A capsule look at the 10 previous British Opens held at Royal Lytham & St. Annes, where the 141st British Open will be played July 19-22:


YEAR: 2001

WINNER: David Duval

SCORE: 274

RUNNER-UP: Niclas Fasth

MARGIN: 3 shots

EARNINGS: 600,000 pounds.

RECAP: No one paid close attention to David Duval until his 65 early Saturday, which was followed by calamity on the course from so many others. At the end of the day, Duval was among four players tied for the lead, with 13 players separated by only one shot going into the final round. One of them was Ian Woosnam, who tapped in for birdie on the opening hole, only to discover on the next tee box he had an extra driver — making that 15 clubs — in his bag and was assessed a two-shot penalty. Duval established himself quickly with three birdies on the outward nine, and a collection of good par saves as his challengers faded. Darren Clarke lost hope with a double bogey from the bunker on the 17th. Duval wound up with a three-shot win for his first — and as it turned out, only — major championship.

NOTEWORTHY: Duval's win meant that all 11 players to reach No. 1 in the world ranking had won a major championship.


YEAR: 1996

WINNER: Tom Lehman

SCORE: 271.

RUNNER-UP: Ernie Els, Mark McCumber

MARGIN: 2 shots

EARNINGS: 200,000 pounds.

RECAP: Tom Lehman became the first American professional to win at Royal Lytham with a command performance. He set a 54-hole record at 198 that put him too far ahead for anyone to catch him — not that Nick Faldo didn't have his chances. Three months after Faldo came from six shots behind to beat Greg Norman at the Masters, he was poised to do it again. His putter, however, refused to cooperate. Faldo missed four putts from inside 7 feet. Lehman was challenged briefly by Ernie Els and Mark McCumber, but he held on to win by two shots. It was the fourth time Lehman had been in contention in the last 10 majors. Jack Nicklaus, at 56, was within one shot of Lehman going into the weekend until a 77 in the third round dropped him from contention.

NOTEWORTHY: Tiger Woods, a 20-year-old at Stanford had a 66 in the second round and tied for 22nd. This was his last major as an amateur.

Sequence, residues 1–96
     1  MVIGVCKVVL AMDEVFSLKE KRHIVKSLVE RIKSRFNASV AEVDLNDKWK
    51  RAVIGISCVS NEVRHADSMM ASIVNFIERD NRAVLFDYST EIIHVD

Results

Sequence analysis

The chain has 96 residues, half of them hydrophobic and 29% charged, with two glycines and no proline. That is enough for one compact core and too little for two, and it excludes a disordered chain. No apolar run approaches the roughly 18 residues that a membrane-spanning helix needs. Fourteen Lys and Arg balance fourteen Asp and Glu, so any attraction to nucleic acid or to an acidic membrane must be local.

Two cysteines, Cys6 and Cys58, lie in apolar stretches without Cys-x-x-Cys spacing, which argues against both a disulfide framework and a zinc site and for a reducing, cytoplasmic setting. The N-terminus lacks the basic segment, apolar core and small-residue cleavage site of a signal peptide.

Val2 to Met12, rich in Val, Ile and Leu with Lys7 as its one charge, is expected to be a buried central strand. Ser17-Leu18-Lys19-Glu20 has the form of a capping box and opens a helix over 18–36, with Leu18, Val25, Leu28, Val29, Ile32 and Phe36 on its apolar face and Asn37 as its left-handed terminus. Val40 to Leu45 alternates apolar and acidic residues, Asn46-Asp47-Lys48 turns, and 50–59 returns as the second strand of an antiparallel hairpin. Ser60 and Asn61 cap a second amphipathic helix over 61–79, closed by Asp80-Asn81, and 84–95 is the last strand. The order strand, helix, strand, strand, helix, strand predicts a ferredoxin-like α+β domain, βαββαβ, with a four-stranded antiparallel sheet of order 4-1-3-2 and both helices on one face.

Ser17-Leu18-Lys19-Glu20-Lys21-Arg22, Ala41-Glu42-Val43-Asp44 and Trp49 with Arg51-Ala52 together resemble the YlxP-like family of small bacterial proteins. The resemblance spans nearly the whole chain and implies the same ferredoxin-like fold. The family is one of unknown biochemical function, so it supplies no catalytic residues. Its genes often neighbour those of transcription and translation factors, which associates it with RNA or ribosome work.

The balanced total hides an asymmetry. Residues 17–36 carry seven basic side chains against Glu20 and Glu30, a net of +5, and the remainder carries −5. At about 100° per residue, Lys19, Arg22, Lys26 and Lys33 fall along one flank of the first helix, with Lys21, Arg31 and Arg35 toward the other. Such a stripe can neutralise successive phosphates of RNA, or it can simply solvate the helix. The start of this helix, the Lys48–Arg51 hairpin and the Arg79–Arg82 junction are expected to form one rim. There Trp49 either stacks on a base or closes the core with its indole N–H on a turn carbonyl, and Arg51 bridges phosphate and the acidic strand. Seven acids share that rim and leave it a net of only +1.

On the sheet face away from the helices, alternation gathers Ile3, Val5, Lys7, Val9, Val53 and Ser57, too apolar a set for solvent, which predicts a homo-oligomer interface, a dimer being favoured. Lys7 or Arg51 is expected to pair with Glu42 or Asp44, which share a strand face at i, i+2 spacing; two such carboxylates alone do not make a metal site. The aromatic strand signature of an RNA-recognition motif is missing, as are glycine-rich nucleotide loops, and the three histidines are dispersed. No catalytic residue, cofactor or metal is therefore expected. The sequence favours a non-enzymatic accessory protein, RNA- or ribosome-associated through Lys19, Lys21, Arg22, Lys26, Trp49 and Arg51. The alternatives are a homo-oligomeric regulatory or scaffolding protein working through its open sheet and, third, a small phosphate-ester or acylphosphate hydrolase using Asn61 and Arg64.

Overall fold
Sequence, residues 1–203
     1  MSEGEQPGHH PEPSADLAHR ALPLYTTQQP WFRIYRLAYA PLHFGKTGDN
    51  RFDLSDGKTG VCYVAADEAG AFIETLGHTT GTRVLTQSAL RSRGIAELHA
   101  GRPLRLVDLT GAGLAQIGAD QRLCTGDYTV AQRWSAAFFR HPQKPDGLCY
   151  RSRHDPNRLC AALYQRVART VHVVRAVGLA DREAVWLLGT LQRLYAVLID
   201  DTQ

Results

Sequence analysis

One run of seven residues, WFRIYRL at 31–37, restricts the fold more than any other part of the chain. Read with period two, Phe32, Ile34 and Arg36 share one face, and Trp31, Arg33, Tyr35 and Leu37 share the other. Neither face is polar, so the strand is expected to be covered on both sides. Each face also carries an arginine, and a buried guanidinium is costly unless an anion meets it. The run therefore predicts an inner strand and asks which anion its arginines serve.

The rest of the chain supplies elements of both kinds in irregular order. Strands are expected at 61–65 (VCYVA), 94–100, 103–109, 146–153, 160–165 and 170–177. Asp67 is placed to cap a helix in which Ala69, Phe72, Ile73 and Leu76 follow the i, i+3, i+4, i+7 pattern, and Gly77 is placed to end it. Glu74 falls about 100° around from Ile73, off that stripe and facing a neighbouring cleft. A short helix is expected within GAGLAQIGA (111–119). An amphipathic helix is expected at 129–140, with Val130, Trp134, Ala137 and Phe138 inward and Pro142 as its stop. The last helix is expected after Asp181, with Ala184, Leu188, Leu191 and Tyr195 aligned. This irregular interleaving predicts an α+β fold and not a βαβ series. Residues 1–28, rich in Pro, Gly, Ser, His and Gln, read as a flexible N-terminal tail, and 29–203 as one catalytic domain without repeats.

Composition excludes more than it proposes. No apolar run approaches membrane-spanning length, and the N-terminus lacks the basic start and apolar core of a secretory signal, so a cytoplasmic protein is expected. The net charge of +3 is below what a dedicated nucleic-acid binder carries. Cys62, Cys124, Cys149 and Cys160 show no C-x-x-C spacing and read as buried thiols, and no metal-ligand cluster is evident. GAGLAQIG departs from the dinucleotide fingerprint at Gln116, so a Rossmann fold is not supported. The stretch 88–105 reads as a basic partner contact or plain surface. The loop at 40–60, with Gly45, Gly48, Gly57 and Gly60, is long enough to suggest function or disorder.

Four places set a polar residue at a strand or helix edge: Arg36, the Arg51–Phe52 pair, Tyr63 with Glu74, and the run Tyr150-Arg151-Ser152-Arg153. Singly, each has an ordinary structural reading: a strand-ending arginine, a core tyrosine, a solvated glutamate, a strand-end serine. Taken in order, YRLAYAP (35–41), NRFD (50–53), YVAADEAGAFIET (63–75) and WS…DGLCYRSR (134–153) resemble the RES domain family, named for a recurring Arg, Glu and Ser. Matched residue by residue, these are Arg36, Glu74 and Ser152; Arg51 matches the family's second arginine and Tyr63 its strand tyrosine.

YEAR: 1988

WINNER: Seve Ballesteros

SCORE: 273

RUNNER-UP: Nick Price

MARGIN: 2 shots

EARNINGS: 80,000 pounds

RECAP: This was the final major for Ballesteros, and an Open remembered as much for the star power on the leaderboard as the decisive shot by the Spaniard. He had to hold off Nick Price, Nick Faldo and Fred Couples. Price and Faldo were tied going into the final round, but Ballesteros quickly made up the two-shot deficit as Faldo faltered. The turning point again came on the 16th hole. Instead of hitting into a car park, however, Ballesteros drilled a 1-iron into the fairway, and then followed with a 9-iron that settled 3 inches from the cup for a birdie that broke the tie. He closed with a 65, effectively clinching the win with a pitch that stopped a foot from the cup. Heavy rain led to the first Monday finish in Open Championship history.

NOTEWORTHY: Ballesteros became the only player in British Open history to win the claret jug on Saturday (1979), Sunday (1984) and Monday (1988).


YEAR: 1979

WINNER: Seve Ballesteros

SCORE: 283

RUNNER-UP: Ben Crenshaw, Jack Nicklaus

MARGIN: 3 shots

EARNINGS: 15,000 pounds

RECAP: Seve Ballesteros captured his first major championship and launched the legend of his charismatic game over four thrill-seeking days. He was eight shots behind after the first round before the Spaniard clawed his way back until he was only two adrift of Hale Irwin going into the final round. Ballesteros hit driver nine times in the fourth round and only once found the fairway. No matter. He recovered time after time, no shot more memorable than the 16th when he drove into an overflow car park. Given relief, his second shot finished on the edge of the green, and he holed a 30-footer for birdie. Some referred to him as the "Car Park Champion," though most knew better. This was a gifted player who went on to capture the claret jug twice more, along with two green jackets from the Masters.

NOTEWORTHY: Ballesteros became the first continental European to win the claret jug since Arnaud Massy of France in 1907.


YEAR: 1974

WINNER: Gary Player

SCORE: 282

RUNNER-UP: Peter Oosterhuis

MARGIN: 4 shots

EARNINGS: 5,500 pounds

RECAP: This British Open is best known for the golf ball. It was the first time the American ball at 1.68 inches in diameter was required at golf's oldest championship, replacing the "small ball" of 1.62 inches. Gary Player won his second major of the year (he won the Masters in April) by going wire-to-wire in a command performance. There were only four rounds in the 60s all week, and the South African had two of them in the opening rounds. That gave him a five-shot lead over Peter Oosterhuis. Player bounced back from a 75 in the third round by making two birdies and an eagle on the opening six holes of the final round to restore his cushion. He was the only player to finish under par for the week.